Baraboo geology, Part 1

I’ve finally returned home from the GSA conference, with a diversion along the way to collect Ordovician fossils. But on our drive out to the conference, we detoured to Baraboo, Wisconsin so Tim could work on a geology field lab. As you approach Baraboo from the south, after a day of driving across the Great Plains, a feature tends to jump out at you: a series of long, wooded hills (above), that suggest that something geologically interesting has happened.

For our field trip, we covered 10 stops in 2 days, as shown on the Google Earth image below (Stop 2 is very close to Stop 3, so they can’t easily be distinguished at this scale):

Because there are several localities, and a relatively complex story to tell, I’m going to divide this into several posts. At first I’m going to just describe what we saw, saving the interpretation for the last post in the series.

Stops 1-3 are all located on the trail to Parfrey’s Glen, a small canyon that cuts through these hills. Stop 1 was a stream cut, with pinkish rocks that appear to be tilted to the northwest (they’re dipping more or less from left to right in this image):

A closer look at the rocks showed that they’re made mostly of quartz, suggesting that they’re quartzite, a metamorphosed sandstone.

Further along the trail at Stop 2, and about 30 m higher in elevation, we find a different type of rock:

These rocks are pretty much flat-lying (not tilted). A few meters further, at Stop 3, we can see them up close:

Looking past all the lichens and liverworts, these rocks are coarse-grained sandstones and conglomerates, sedimentary rocks that formed in a pretty high-energy environment. Some of the cobbles in the conglomerate beds are quite large, and even more interesting, they appear to largely be made of the same pink quartzite we saw further down the trail.

Leaving Parfrey’s Glen and heading to Stop 4, it becomes clear that there is some structure to the hills in this area, with a curious valley carved through the middle and a long, low ridge filling the end of the valley:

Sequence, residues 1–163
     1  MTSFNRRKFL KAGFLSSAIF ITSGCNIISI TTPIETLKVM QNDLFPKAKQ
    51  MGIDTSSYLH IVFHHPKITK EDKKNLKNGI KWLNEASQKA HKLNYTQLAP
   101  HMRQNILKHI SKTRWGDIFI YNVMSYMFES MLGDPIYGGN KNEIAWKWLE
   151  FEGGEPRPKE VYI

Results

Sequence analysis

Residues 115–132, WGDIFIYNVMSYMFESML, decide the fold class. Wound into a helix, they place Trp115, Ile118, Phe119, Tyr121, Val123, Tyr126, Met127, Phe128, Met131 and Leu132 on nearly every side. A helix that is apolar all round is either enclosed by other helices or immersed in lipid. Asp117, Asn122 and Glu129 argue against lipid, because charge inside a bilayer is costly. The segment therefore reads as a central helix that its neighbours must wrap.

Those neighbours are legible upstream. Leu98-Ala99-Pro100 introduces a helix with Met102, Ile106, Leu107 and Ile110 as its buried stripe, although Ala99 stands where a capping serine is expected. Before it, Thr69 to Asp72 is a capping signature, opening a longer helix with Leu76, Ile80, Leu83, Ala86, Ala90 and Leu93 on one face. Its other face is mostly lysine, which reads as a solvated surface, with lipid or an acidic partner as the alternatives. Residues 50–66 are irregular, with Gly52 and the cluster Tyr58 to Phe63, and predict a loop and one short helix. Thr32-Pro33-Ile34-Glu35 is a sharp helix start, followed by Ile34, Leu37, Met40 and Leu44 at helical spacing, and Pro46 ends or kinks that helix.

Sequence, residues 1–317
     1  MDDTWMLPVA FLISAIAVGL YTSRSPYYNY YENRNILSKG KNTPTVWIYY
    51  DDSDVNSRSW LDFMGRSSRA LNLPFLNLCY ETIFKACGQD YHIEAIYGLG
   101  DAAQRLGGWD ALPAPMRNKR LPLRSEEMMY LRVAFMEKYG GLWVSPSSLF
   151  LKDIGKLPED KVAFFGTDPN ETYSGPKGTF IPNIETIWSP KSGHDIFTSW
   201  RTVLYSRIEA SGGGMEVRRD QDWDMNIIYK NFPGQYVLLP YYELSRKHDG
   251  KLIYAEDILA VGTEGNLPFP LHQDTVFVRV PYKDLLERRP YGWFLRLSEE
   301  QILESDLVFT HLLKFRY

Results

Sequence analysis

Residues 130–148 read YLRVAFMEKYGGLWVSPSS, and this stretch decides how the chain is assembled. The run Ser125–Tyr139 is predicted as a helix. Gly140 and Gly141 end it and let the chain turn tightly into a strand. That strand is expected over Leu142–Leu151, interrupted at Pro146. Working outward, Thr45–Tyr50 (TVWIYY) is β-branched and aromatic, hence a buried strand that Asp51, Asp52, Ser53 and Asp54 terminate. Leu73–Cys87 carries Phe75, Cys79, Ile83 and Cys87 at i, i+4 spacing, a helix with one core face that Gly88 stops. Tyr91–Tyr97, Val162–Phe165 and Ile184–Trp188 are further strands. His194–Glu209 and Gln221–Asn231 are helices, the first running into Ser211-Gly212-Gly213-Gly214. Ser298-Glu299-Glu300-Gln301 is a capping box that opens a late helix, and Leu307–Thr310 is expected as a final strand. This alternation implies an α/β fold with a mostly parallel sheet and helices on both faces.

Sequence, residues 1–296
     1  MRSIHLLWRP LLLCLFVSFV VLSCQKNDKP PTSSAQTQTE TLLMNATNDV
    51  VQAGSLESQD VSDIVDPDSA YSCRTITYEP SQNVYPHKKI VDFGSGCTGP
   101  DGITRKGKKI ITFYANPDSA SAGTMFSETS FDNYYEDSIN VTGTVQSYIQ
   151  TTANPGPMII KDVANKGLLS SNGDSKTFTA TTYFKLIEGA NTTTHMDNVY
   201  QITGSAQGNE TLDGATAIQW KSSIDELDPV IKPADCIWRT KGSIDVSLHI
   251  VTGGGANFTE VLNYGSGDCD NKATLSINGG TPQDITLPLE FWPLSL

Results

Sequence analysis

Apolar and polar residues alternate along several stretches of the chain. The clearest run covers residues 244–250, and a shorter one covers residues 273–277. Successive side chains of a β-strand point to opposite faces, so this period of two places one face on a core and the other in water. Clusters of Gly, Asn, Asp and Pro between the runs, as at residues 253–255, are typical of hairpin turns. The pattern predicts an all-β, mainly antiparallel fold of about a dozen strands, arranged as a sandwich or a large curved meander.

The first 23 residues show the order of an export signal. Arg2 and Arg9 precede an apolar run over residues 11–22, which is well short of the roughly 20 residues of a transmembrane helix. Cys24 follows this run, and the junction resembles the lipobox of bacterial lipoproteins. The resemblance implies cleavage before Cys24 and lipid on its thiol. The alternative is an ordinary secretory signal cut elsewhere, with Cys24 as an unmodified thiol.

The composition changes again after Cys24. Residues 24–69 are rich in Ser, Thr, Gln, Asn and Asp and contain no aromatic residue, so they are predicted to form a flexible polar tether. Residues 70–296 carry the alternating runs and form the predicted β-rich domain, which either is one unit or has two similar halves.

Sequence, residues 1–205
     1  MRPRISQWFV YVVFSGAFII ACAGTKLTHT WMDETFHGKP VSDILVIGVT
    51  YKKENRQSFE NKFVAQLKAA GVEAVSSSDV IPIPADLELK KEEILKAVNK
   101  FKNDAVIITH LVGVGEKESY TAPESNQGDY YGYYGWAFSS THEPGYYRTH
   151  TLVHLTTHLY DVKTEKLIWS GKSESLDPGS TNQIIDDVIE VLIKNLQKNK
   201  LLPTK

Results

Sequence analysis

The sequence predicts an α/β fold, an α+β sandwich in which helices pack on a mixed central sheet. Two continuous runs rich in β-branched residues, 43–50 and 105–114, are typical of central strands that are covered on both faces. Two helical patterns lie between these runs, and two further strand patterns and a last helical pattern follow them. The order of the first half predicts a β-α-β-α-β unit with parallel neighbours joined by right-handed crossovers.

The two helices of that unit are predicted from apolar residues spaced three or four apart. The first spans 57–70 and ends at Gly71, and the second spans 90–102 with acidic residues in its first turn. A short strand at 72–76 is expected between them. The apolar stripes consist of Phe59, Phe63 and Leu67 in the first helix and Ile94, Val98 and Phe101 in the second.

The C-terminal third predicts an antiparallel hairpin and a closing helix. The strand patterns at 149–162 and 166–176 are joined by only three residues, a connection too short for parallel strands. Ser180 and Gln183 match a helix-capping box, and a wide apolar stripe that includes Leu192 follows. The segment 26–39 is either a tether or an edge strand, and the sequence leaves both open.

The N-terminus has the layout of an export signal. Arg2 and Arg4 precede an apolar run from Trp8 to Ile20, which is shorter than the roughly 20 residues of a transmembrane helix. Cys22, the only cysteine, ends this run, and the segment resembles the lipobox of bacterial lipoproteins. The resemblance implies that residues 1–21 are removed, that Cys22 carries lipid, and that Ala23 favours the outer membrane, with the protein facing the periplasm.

Continuing to Stop 5, at the south end of Devil’s Lake, we can see the ridge from the other side, as well as a second, similar ridge at the north end of the lake. The image below is a panorama covering approximately 90 degrees, with north at the left and east on the right; the ridges are indicated by arrows:

This also gives us a view of some of the rocks making up the higher ridges. They appear to be made of the same pink quartzite we saw at Parfrey’s Glen (here, the pink is overemphasized by the setting sun; they’re not THAT pink!):

A look at the tailings that had eroded off these cliffs revealed cross-bedding (ripple marks in cross section), confirming that, while these rocks have been metamorphosed, they started off as sedimentary sandstone:

Proceeding to Stop 6, at the north end of Devil’s Lake, we were able to see some of these rocks in place. While they failing light prevented getting any good photos, we were able to confirm that these rocks look similar to the ones from Parfrey’s Glen, and that, like those rocks, they are dipping off to the northwest at about 10-14 degrees.

Part 2 will be coming in a few days.

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2 Responses to Baraboo geology, Part 1

  1. Great post! I’m looking forward to the next part in the series. I grew up in Baraboo and was always fascinated by the geology there. Parfrey’s Glen was a favorite destination of mine — especially on hot summer days.

  2. altondooley says:

    Glad you like the post! Parfrey’s Glen is a gorgeous spot, made even more so by being so unexpected, since the surrounding areas are so different. Of course, it looks a bit different than it did the last time I was there, 20 years ago. The boardwalk is gone, and the stream has moved to a new channel!

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